Fighting the Frame
And through all that chit chat, I was reminded of something we were talking about over the weekend.
Of all the institutions that are failing us right now, perhaps the press is the most important. For it is the fourth estate that frames the issues. The term goes back at least to Thomas Carlyle in the first half of the 19th century.
Novelist Jeffrey Archer in his work "The Fourth Estate" made this observation: "In May 1789, Louis XVI summoned to Versailles a full meeting of the 'Estate General'. The First Estate consisted of three hundred clergy. The Second Estate, three hundred nobles. The Third Estate, six hundred commoners.
Some years later, after the French Revolution, Edmund Burke, looking up at the Press Gallery of the House of Commons, said, 'Yonder sits the Fourth Estate, and they are more important than them all.'"
And indeed they are.
I watched as Ron Paul was utterly marginalized even though he has actually raised some money. That is a pretty good story in itself.
I watched as McCain and all the rest talked of more fear and more war.
Yet the questions from the press were their usual lame attempts to be provocative and to some degree sensational. But far more importantly, these lame questions were used to create a frame. And it is that frame that creates and controls the play of words and ideas.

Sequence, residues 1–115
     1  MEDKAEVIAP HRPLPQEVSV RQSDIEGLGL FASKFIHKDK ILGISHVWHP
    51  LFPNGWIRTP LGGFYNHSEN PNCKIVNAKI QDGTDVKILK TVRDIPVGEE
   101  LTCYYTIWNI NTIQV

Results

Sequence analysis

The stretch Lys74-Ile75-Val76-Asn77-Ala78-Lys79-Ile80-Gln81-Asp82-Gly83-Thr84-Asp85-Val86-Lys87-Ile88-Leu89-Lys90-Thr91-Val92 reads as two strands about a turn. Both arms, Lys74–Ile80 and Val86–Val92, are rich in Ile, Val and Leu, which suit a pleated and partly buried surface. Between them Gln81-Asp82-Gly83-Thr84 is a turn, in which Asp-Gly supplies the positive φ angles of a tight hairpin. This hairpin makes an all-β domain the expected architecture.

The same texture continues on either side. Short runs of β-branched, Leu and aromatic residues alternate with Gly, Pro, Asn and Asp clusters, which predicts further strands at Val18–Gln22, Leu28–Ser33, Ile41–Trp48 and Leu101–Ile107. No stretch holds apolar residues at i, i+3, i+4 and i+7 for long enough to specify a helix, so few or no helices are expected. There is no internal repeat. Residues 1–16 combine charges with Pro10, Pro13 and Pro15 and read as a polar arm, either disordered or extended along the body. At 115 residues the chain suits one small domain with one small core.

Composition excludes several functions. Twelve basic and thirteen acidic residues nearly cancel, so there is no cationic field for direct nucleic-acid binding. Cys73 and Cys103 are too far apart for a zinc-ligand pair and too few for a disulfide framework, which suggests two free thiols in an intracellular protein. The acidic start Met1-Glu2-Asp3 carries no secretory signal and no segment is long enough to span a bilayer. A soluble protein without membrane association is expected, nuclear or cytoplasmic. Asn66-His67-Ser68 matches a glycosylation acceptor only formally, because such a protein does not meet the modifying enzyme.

We all know what it means to be framed.
Something is made to look different than it really is.
According to George Lakoff in the Preface to his Thinking Points,
America today is in danger. It faces th threat of domination by a radical, authoritarian right wing that refers to itself as "conservative" as if it were preserving and promoting American values.
In fact, it is trampling on them.
American values are inherently progressive, but progressives have lost their way. (clip)
We have lost hold of the terms of political debate, and even ceded the language of progressive ideals--like freedom and liberty--to redefinition by an extremist right wing.
Lakoff offers his progressive thinking points as a manual for progressive action and as a mechanism to reframe the now crippled and somewhat paralyzed public debate.
As John Blades of Move On says “In Thinking Points, George Lakoff and the Rockridge Institute show how Progressives can stop appealing to some hypothetical "middle" and instead appeal to the deep morality that the vast majority of Americans share. When we speak from our hearts, the integrity of this will speak broadly.”
But, how can we craft the progressive vision when a right wing frame is in place?
We need to create a new frame.
We need to replace all of those so called professionals who ingratiate themselves in the "Palace of White and Black lies" with scientists, and doctors, and waitresses and doormen. These Palace pawns are no longer effective agents for the public as long as they must prostrate themselves to get the next question, to get the next tip, the next special interview.
So, let's not march against the government, instead, let's craft an effective campaign against the Estate that is actually failing us. Let's block their doors and boycott their papers. Let's insist that they ask the questions that should be asked.
Of course, we won't march, and we won't craft such a plan.
John McCain said the Iran invasion question given to the candidates tonight might not be to far off in the future.
Maybe we will march and craft a plan for the future of man then.
the Frame of Fear.
"Fear is a scary thing" oZ
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Labels: political philosophy